But, being a great over-thinker, I couldn't leave it at that. (You should read the comments if you haven't already; it's an interesting discussion.) We of the shelter magazines and the tear sheets and the vintage design books, we like to see patterns. I'm not talking trends, the things of the moment that suddenly every it-girl with an it-address must have.
A very valid question was, is the age of excess and trying too hard to be wacky (there is an old HG Mayer Rus column on "fun" in decorating on just this subject that is classic) a backlash against the Liagre of the 90's? Perhaps.
But, I think there are a couple of other things at work here. One is definitely the swing of the pendulum. Once we tired of the mid-century resurrection and felt the need to mix we might have gone a little fusion-crazy. If you can pull your period chairs in with the Nelson coffee table, then maybe you can add the antlers and the coral and the rococo mirror and the garden seat, too.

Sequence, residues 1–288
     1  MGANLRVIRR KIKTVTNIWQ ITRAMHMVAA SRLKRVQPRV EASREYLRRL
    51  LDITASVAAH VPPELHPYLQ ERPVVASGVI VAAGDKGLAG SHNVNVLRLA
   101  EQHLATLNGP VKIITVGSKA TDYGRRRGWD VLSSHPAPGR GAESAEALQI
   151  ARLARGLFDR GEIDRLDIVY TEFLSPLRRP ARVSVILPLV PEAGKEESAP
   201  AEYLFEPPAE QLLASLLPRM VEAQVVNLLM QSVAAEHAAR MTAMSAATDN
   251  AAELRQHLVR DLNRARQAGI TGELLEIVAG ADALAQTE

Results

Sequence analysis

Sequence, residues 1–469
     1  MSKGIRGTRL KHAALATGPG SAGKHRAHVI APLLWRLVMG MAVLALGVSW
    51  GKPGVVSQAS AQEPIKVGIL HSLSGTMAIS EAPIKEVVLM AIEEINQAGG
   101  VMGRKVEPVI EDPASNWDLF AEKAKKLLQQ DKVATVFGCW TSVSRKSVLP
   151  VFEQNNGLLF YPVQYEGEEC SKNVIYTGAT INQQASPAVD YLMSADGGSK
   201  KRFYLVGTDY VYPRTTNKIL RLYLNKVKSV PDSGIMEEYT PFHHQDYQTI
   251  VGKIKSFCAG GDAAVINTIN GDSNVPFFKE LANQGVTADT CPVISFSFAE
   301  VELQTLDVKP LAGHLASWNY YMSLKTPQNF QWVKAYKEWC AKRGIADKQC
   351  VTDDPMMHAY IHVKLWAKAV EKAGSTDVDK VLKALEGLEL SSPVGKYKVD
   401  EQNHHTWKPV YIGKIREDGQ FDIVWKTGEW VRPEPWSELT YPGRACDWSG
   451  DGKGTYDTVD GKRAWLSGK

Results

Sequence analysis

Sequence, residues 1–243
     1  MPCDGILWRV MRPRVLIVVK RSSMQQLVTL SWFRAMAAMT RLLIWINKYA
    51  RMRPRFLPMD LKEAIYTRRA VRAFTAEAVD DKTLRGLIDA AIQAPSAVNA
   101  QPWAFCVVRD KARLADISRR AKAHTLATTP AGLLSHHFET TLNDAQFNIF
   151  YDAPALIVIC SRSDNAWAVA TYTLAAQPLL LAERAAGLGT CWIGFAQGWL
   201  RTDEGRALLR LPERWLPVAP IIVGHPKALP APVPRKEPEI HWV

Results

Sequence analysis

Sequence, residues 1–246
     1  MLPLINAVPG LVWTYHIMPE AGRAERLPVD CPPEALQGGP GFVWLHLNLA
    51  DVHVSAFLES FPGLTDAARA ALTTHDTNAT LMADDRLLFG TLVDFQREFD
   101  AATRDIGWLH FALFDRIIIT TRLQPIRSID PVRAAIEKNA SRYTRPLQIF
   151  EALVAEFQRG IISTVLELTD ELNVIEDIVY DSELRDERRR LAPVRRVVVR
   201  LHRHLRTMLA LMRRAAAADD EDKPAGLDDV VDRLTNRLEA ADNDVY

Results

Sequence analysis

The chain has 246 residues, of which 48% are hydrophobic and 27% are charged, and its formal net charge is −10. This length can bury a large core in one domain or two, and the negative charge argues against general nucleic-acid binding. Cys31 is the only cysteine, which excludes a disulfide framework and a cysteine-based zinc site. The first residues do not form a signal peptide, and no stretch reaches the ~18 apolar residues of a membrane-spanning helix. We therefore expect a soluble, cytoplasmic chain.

And the other thing is where you choose to gather your information. I'm not in the business of marketing or demographics, but I am fully aware that I while I sometimes enjoy domino, I am not its target market. So, if it's geared to a younger market maybe that is why it's seeming so frenetic to me. And, as one of Decorno's readers noted, a lot of what we see is over-styled and I'm not sure that is the designers' fault. Even in one of my favorite magazines I've noticed in the last few issues that many of the rugs look as if they have been unrolled just for the shoot. And it bugs me.
There are two publications that don't seem to get a lot of press in the blogs I read. Metropolitan Home may be a bit too modern for some, but their features are not styled-to-death. The other is Western Interiors, which seems to be picking up some steam. This is not to disparage any of the other stalwarts of the news stand, just a nudge to cast your net a little wider to see what you might find. A reason to buy more magazines - who would argue with that?
The images above are from Metropolitan Home, July, 2008. Architecture by Francine Monaco and interior design by Carl D'Aquino. Photography by Peter Murdock.